Music Millennium’s turn in the national spotlight came in 1993, during the now-legendary “Barbecue for Retail Freedom,” when Currier travelled up and down the West Coast charbroiling Garth Brooks CDs after the country singer stated that he didn’t want his latest album sold in stores that carried used CDs. Currier’s protest drew media attention to the plight of independent record stores, and ultimately inspired the creation of Record Store Day.
After surviving near-bankruptcy in the ’80s and the threat posed by major music retailers in the ’90s, Music Millennium’s true test came in the new millennium. When digital music distribution took off in the early ’00s, record stores saw fewer customers, sharp declines in profits, and, ultimately, store closures and layoffs. Currier—who’d assumed ownership of the company in 1996 after McLeod passed away from leukemia—was confronted with this new reality when he was forced to shutter the Westside store in 2007.
“That was one of the hardest things I ever had to do,” he says. “There was such an emotional attachment to that store. We had been part of the neighborhood for 30 years.”
By devoting all of its resources to the Burnside store, Music Millennium has managed to endure in a fluctuating industry. It continues to host performances and record signings, and last year began offering beer and cider for customers to sip while shopping.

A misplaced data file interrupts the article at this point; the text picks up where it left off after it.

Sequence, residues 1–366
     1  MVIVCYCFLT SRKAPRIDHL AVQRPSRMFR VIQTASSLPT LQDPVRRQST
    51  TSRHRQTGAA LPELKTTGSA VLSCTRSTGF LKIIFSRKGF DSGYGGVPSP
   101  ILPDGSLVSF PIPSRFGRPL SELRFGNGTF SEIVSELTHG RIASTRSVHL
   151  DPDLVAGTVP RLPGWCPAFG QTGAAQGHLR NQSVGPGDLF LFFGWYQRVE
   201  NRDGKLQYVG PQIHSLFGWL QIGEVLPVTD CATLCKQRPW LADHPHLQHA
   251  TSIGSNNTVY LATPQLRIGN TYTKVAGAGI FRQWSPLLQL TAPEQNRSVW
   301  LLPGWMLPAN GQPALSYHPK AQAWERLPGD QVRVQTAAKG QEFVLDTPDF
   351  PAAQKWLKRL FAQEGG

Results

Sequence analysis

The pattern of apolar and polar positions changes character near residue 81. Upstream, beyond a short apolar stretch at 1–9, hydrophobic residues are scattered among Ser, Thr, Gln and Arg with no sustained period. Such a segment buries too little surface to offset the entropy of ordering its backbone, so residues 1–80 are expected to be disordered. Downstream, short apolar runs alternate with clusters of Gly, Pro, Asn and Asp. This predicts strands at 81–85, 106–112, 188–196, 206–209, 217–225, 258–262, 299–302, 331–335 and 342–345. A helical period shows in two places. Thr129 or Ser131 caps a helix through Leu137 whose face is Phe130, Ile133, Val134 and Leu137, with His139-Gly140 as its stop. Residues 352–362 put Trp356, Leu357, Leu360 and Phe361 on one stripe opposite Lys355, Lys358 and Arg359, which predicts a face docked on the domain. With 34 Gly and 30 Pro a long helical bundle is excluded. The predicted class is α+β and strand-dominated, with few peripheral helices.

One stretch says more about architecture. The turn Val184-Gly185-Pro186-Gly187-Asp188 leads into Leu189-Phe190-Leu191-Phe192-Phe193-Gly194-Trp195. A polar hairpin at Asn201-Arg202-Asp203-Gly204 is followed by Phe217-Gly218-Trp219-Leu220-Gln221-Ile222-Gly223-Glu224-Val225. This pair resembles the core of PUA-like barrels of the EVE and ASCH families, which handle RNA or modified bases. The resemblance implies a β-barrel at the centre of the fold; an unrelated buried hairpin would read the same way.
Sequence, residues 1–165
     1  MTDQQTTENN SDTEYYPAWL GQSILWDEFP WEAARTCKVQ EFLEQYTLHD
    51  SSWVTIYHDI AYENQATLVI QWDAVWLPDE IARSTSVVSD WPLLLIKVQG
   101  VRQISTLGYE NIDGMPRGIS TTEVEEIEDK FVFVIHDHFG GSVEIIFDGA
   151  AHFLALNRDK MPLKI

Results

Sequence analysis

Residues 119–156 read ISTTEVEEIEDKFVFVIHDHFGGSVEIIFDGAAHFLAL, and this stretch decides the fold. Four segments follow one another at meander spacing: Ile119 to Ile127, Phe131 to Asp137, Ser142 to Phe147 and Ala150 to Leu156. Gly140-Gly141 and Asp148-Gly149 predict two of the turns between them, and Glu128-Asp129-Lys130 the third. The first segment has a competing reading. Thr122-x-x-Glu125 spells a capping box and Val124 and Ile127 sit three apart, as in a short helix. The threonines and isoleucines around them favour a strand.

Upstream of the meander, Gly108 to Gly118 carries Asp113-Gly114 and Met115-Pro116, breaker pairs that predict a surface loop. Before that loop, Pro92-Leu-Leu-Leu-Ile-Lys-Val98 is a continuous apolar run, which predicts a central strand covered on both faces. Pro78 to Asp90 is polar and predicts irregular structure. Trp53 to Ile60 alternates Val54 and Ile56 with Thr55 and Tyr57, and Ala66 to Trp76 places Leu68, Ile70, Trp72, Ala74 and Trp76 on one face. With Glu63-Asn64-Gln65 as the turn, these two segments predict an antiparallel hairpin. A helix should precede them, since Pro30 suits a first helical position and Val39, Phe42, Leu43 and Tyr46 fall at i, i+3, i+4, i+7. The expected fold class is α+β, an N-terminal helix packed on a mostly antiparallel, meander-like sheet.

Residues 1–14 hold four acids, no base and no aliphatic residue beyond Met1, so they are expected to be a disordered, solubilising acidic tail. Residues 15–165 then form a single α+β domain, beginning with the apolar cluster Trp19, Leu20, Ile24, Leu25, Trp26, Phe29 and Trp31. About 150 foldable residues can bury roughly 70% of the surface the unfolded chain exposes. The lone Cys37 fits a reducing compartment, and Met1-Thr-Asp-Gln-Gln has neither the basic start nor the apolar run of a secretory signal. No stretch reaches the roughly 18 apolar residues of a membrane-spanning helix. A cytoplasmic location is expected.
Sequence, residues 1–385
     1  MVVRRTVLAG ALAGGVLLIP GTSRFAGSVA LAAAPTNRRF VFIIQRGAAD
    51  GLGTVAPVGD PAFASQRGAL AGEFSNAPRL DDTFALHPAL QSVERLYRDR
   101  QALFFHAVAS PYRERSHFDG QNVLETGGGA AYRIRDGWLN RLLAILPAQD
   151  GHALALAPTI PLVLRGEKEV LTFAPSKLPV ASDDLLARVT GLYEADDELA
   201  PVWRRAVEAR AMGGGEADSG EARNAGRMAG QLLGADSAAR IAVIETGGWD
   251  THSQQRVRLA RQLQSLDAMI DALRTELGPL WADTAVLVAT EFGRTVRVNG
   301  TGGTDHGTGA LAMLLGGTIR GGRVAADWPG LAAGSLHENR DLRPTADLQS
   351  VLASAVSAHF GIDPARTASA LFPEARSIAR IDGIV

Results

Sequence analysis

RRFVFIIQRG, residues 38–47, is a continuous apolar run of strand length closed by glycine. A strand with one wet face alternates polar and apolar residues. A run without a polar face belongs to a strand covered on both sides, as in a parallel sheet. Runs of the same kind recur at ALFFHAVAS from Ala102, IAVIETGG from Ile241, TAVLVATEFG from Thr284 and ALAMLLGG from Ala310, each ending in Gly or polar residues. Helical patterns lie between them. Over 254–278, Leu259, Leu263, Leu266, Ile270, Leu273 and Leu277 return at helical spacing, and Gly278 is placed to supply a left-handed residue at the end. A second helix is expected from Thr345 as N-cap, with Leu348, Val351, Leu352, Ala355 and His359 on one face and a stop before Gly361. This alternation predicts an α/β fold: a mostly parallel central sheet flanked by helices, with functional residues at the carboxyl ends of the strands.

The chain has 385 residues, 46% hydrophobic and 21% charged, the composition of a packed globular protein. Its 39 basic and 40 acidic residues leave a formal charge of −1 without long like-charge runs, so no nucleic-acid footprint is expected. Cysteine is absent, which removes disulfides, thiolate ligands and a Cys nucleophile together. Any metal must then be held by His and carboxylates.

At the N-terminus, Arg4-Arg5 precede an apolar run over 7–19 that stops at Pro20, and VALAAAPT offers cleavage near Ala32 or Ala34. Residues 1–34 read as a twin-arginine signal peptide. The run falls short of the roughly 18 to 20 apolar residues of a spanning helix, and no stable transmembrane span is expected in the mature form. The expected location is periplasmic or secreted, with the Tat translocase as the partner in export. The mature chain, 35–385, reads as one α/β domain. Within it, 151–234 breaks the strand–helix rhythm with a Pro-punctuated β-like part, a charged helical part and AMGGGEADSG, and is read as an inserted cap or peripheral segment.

But what’s had perhaps the biggest impact on Music Millennium’s survival is the return of vinyl’s popularity. Once relegated to a small, out-of-the-way corner of the store, vinyl has been taking up an increasing amount of floor space. Nationwide, vinyl sales have grown for the 13th consecutive year—16.8 million LPs were sold in the US in 2018, a 14.6 percent increase from 2017. Currier estimates that vinyl makes up an average 70 percent of sales at independent record stores.
Though the business has seen its fair share of ups and downs, Currier’s continued engagement with and support of the Portland community is a large part of what makes Music Millennium a treasured local institution.
“Terry has been a pillar of the music community since the beginning of time, it seems like,” says the Decemberists’ Colin Meloy. “He’s just an ever-present figure. Music Millennium are survivors.”
Zia McCabe of the Dandy Warhols also considers Currier a mainstay of the local music scene: “He’s kept his business connected to the community,” she says, adding that Music Millennium “represents the kind of place that Portland natives are desperately trying to preserve.”
Currier believes his responsibility is not just to maintain the excitement he’d had for Music Millennium as a teenaged record store nerd, but to pass that same excitement on to future generations.
“When I showed up at Millennium in ’72, it just blew me away,” he says. “It felt like my home. I always felt like I was the curator, and my job was to bring Millennium into the future and retain the feel that the store had the first day I walked in.”